Monday, March 28, 2005

The Long Emergency

My friend Andrew Hitchcock has pointed me to an interesting article by James Howard Kunstler of Rolling Stone discussing the future of our world without fossil fuels, a period he calls the "Long Emergency."
The Long Emergency is going to be a tremendous trauma for the human race. We will not believe that this is happening to us, that 200 years of modernity can be brought to its knees by a world-wide power shortage. The survivors will have to cultivate a religion of hope -- that is, a deep and comprehensive belief that humanity is worth carrying on.
Scare tactics? Absolutely. However, I strongly feel that the article is worth a read. It offers some stark realities of the present day, most of which are rarely publicized. The fastest growing communities of the United States are simultaneously the most ridiculous: places like Las Vegas and Phoenix, where neighborhoods are yearly built in the dozens but life is entirely dependent on the bubble created by our fossil-fuelled economy. That is, they are spawns of the American Way. Las Vegas entertains the mindless bored. Neither city could exist without air conditioning.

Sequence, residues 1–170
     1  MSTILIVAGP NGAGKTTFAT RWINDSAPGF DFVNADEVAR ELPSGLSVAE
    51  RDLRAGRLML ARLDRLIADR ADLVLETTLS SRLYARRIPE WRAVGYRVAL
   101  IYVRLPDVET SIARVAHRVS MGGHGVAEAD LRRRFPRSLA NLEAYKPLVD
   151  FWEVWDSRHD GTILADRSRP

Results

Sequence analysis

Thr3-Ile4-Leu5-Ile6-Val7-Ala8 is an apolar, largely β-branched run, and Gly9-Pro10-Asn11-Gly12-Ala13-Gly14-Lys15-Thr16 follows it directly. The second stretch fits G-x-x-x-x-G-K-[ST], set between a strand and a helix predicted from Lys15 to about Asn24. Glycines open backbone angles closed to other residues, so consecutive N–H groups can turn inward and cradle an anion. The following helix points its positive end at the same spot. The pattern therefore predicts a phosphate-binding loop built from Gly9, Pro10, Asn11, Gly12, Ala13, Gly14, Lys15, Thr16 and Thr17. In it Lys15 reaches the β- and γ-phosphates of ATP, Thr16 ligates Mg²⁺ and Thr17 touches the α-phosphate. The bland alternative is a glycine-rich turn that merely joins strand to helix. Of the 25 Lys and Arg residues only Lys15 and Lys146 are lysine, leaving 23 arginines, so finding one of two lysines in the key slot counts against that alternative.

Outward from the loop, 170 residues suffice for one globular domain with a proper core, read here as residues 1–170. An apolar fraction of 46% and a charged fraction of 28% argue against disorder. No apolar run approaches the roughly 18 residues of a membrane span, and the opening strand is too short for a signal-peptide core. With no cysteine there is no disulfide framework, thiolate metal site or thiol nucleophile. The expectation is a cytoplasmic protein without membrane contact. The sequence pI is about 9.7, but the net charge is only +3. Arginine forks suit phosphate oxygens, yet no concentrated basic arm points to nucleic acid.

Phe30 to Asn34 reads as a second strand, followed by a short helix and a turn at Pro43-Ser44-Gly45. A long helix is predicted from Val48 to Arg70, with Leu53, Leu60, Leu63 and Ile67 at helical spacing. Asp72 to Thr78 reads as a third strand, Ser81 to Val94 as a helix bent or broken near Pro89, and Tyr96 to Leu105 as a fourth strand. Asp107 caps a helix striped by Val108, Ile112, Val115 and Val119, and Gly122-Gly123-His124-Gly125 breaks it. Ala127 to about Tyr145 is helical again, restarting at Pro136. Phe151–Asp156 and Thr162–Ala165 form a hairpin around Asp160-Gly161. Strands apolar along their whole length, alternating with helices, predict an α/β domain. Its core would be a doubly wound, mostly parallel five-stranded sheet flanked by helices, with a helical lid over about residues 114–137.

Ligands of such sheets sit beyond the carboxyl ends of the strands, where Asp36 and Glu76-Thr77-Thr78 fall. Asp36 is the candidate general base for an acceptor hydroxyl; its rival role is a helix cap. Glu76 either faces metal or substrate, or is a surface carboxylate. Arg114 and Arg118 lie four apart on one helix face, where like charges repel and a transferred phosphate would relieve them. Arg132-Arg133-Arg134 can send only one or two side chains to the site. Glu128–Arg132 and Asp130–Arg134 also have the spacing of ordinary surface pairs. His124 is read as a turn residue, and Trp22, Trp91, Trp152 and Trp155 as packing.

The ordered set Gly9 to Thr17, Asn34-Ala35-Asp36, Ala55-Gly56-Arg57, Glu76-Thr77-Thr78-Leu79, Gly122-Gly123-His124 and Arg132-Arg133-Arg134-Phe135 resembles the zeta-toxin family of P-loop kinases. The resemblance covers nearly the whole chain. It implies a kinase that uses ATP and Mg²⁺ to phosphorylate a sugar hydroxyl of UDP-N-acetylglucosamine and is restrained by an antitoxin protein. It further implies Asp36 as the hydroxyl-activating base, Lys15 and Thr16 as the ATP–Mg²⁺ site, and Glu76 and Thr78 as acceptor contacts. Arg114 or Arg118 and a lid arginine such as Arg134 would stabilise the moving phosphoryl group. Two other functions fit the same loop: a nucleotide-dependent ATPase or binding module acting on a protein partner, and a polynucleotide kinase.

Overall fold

Are we doomed to regress into the serfdom dark ages? Give the article a read, give Andrew's post a read, and then let me know what you think.


Blogger Andrew Hitchcock said...

One thing I don't like is how it dismisses biodiesel. You do get more energy out of biodiesel than you put in. Biodiesel doesn't have to travel as far (saving energy) and is homegrown, not imported from some of the world's most unstable regions. Along with the ideological reasons, there are also health reasons. Biodiesel doesn't produce nearly as many carcinogens as petro diesel and is much healthier, especially when burned near populations and in cities (or on children's school buses).

3/29/2005 4:41 PM  

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